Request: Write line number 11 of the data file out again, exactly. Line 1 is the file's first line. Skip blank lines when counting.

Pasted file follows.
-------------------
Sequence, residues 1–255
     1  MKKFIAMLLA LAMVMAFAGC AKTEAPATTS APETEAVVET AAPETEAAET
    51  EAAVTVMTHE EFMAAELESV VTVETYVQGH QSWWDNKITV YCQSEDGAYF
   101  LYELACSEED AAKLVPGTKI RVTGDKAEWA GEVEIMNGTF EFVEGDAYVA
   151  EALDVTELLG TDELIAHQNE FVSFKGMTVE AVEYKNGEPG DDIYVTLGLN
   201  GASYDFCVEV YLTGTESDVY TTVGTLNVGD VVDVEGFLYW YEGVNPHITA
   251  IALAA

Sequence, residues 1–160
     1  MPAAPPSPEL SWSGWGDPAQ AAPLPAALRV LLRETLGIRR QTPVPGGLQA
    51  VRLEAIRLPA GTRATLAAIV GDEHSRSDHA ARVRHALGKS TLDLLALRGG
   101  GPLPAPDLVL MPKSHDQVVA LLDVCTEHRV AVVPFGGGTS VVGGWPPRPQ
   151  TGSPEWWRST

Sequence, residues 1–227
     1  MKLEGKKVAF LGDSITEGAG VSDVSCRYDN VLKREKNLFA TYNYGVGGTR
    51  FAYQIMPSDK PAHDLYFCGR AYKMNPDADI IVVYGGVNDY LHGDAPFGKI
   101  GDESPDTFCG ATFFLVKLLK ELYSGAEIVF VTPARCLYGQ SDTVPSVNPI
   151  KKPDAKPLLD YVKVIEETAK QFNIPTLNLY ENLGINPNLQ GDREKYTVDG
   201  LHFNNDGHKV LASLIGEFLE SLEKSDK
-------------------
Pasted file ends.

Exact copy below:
   101  GPLPAPDLVL MPKSHDQVVA LLDVCTEHRV AVVPFGGGTS VVGGWPPRPQ